Tag Archives: Fly-By-Night Printing Collective

Austin Women’s Movement in 1975

In October 1975, a two-page spread in The Rag featured the wide range of activities taking place in Austin’s women’s community: a Women’s Community Calendar, Cyclar, (image is featured above); a peer counseling center, Womenspace; a women’s printing collective, Fly By Night Printing Collective; the Women’s Health Organization; Common Woman Bookstore, and a Women’s History in Texas calendar by People’s History of Texas focused on the untold history of Texas women.

For the full article, visit the digital archive in the Independent Voices collection of Reveal Digital.  Over three hundred issues — not quite the entire run — are scanned at this site.  The articles are on pages 9-10 of the October 24, 1975 issue at the Independent Voices site.

The Rag article announced that the Common Woman Bookstore Collective would open its store in December 1975 at 2004 ½ Guadalupe, and had taken its name from lines by Judy Grahn, poet and member of the Women’s Press Collective, Oakland, California.

The same article described the Fly By Night Printing Collective as a one-year-old alternative press collective with four women printers, and plans to maintain regular hours at 901 West 24th Street, accepting any and all non-sexist and non-racist printing jobs.  Plans to move to the Bread and Roses Center were also announced.  Fly By Night was the predecessor of Red River Women’s Press (featured in a separate post on Collective Impressions).

The Women’s Community Calendar, Cyclar, was described as a collective effort to give a sense of the emerging women’s community and further develop the meaning of “women-identified women.”  Photographer Robin Birdfeather and artist Rita Starpattern were credited with conception, design and direction.  Cynthia Roberts and Melita Abrego of Fly By Night Press were credited with layout, publicity, and printing.  The Rag article says, “In fact, this calendar has been put together by women from scratch to finish.”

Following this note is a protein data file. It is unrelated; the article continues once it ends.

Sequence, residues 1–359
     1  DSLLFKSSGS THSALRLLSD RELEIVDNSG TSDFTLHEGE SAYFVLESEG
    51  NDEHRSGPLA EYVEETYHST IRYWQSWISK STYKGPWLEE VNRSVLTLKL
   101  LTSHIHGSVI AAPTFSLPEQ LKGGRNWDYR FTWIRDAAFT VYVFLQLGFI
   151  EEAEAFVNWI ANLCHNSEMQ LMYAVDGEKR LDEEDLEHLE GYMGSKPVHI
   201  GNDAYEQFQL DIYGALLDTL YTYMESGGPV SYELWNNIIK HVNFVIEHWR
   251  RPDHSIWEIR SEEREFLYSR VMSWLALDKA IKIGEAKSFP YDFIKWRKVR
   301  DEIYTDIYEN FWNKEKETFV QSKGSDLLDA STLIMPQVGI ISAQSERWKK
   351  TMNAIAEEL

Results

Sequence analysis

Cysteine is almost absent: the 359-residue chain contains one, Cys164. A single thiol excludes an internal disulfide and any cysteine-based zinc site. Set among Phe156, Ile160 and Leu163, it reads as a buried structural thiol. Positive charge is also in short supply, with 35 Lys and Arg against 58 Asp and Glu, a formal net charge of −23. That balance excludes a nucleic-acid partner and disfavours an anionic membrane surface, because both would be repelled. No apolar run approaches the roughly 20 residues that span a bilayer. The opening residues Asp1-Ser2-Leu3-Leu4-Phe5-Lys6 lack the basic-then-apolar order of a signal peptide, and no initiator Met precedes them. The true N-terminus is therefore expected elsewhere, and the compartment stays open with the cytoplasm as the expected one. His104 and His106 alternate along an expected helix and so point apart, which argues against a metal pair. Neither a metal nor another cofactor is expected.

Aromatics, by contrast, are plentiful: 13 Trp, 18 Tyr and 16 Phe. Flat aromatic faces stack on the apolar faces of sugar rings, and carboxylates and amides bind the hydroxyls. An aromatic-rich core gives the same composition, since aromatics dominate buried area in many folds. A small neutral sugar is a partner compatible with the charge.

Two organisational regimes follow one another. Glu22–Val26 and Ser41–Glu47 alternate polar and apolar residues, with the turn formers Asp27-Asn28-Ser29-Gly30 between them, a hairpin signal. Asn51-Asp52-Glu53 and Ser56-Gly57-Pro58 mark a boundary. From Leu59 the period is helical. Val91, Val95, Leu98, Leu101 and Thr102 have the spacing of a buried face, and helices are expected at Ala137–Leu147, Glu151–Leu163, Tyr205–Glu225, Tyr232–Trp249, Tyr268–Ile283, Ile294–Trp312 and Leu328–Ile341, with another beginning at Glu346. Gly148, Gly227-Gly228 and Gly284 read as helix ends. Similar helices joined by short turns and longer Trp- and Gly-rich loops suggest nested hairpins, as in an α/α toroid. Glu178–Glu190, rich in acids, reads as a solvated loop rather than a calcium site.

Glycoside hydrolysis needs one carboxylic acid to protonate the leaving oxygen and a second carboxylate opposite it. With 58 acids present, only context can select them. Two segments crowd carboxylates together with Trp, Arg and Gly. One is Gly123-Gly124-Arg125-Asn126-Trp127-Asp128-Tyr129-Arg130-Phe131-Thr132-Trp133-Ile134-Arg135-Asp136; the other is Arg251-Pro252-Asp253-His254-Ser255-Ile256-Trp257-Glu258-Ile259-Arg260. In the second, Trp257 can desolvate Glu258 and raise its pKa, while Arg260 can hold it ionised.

Women/Space was described as a peer counseling and referral center for women in the Austin community. “As a feminist group we believe that women in this society share common pressures, problems, and feelings, and that exploring these with other women is a valuable way to expand self-awareness, get in touch with personal resources, and find alternatives to life situations. Women can find strength and support in other women.”  Women/Space was described as having a three-fold thrust.  Individual, non-sexist counseling – including abortion, birth control, and lesbian counseling – was available free, on a walk-in basis, every weekday evening in the Women/space room at the University Y.

The Rag article described the Women’s Health Organization, (see separate post), this way:  “W.H.O. in Austin has encouraged women to use knowledge as a major weapon against fear by becoming familiar with various diseases and conditions in the vaginal area, and when professional care is necessary, to insist on better treatment from the male-dominated medical profession.”